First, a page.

Hypomelanosis of Ito (HI) is thought to be the third most common neurocutaneous disorder after neurofibromatosis type1 and tuberous sclerosis. Recent literature suggests that this condition may be under reported. It is thought to be more common in people with pigmented skins, but there is only one case report from Africa. Whether this is due to low prevalence or under recognition and underreporting of this condition in the region remains unclear.
A 12-year-old girl who presented to Kilifi District Hospital on the Kenyan coast with a history of seizures and bizarre behaviour. “Fits” were described as episodes of suddenly falling down from undisturbed sitting position, which often recurred. These episodes were brief, followed by rapid and complete recovery within a minute. No post- ictal activity was reported. The bizarre behaviour was described as lack of sleep with the child remaining awake during the night, making unintelligible sounds and crying inconsolably. These complaints had been present for the last year. Past medical history revealed that the child had previously been hospitalised with a similar complaint.
The pregnancy and birth history was uneventful. The child was born at home and at term. She is the fifth born. Developmental history revealed marked delay in achieving all her milestones: head control was not achieved till about the age of 7 months, the child did not sit till almost the age of 2 years, and took even longer to walk. This was achieved well passed the 5th birthday of the child. A sibling born two years following this child walked before her. Physiotherapy was commenced on account of delayed walking but was later discontinued. She is not toilet trained and has not acquired speech. No such illness has been seen in the family as a far as the guardian could recall and no one in the family suffers from epilepsy or any other familial disorder.
On clinical examination she did not appear wasted, however she weight 24.7kg (below 3rd percentile) for her age and sex. Her head circumference was 54.6cm (above 97th percentile for age and sex). She had hypo-pigmented whorls over most trunk and the limbs following the blaschko lines (Figure 1). These skin lesions according to the mother were present since when the child was about one year of age. The mother did not have these whorls and did not recall of any other relatives with similar skin features. The child had a contracture of the right ankle joint, which was held in fixed planter flexion. Examination of the respiratory and cardiovascular systems revealed no abnormalities.
The child appeared to have global developmental delay, could not follow commands and showed little evidence of social interaction. She lacked expressive speech and only made guttural noises. The vision appeared normal in that the child would grasp an object placed in front of her, but the visual acuity could not be assessed. It was also not possible to fully assess the auditory function, however free field-audio testing suggested that the child could hear. She had exaggerated knee jerk reflexes and bilateral ankle clonus. The plantar reflex was equivocal bilaterally. She could stand with support using mainly the left leg but could not walk. There were no anomalies noted on the head and spine. The rest of the examination was normal.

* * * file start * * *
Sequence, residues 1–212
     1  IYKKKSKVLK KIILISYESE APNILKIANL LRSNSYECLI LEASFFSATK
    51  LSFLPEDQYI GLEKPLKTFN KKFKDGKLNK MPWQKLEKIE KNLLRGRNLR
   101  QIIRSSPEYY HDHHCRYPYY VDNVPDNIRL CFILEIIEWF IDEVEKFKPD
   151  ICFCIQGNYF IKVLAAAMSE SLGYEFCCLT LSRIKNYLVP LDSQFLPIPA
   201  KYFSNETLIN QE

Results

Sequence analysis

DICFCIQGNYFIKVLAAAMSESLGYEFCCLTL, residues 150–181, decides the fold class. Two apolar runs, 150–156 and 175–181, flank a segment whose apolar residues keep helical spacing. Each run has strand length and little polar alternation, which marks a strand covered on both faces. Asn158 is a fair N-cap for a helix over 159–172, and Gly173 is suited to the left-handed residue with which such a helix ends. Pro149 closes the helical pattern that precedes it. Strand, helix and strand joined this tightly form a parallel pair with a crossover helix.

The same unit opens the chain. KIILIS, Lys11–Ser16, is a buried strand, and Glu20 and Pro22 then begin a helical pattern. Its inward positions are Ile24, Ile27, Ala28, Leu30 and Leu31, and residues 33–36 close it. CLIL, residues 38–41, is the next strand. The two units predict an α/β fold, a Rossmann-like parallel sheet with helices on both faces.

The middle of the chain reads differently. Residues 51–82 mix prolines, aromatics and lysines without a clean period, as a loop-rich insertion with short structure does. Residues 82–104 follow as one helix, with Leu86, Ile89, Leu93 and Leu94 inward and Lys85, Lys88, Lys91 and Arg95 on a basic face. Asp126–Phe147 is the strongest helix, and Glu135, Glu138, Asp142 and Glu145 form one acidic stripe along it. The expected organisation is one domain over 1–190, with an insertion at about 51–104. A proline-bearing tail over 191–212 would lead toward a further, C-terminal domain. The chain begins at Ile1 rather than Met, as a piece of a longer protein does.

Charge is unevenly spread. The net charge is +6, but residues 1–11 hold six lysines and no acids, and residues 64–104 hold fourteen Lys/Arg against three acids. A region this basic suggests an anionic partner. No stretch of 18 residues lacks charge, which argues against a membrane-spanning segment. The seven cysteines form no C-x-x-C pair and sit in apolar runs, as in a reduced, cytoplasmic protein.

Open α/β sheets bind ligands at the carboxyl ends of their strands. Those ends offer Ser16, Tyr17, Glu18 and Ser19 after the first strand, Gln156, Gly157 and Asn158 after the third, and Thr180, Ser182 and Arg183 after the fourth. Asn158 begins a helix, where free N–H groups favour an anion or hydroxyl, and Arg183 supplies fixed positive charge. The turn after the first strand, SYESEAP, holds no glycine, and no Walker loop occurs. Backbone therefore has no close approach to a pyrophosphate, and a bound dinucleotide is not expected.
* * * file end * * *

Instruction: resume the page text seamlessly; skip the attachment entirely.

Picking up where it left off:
A full blood count and electrolytes were normal. An electro encephalograph (EEG) revealed slow waves distributed globally with frontal spikes (Figure 2). Computerized Tomography scan of the brain showed normal cerebral and cerebellar hemispheres, normal ventricular system and no space-occupying lesion. We were not able to perform a MRI scan or karyotyping of blood and/or skin to check for chromosomal abnormalities. The child was put on carbamezapine and the seizures are controlled. She is being followed up at the outpatient and physiotherapy clinics.
Ito first described Hypomelanosis of Ito (HI) in 1952. The characteristic feature are the cutaneous zone of hypo-pigmentation following the lines of blaschko with varied clinical presentation. The most common complications reported are developmental delay and epilepsy. Infantile spasms in the first year of life and autistic behaviour as also been documented. Other reported anomalies include ocular, musculoskeletal, oral and urogenital malformations.
No universally accepted diagnostic criteria for HI exist. One suggestion was that the criteria should include dermatological lesions plus non-dermatological abnormalities especially of the central nervous system (CNS) and skeletal or chromosomal abnormalities. These criteria exclude cases with only dermatological manifestations. Skin lesions suggestive of HI have been described without or with variable degree of systemic manifestation and this complicates the establishment of a diagnostic criteria. Numerous complications have been associated with this condition involving the central nervous system, ocular, musculoskeletal oral alteration and urogenital malformation. Many chromosomal abnormalities have been reported in association with HI and the presence of two genetically different cell lines is thought to be a common factor.
Though the condition is thought to be more frequent in dark skinned races very few cases have been reported in Africa. We could only identify only one case from West Africa from a Medline search , but none from East or Central Africa. This may be due to a low prevalence or underreporting, but since this condition is easily recognizable in Africans, more attempts should be made to report such cases.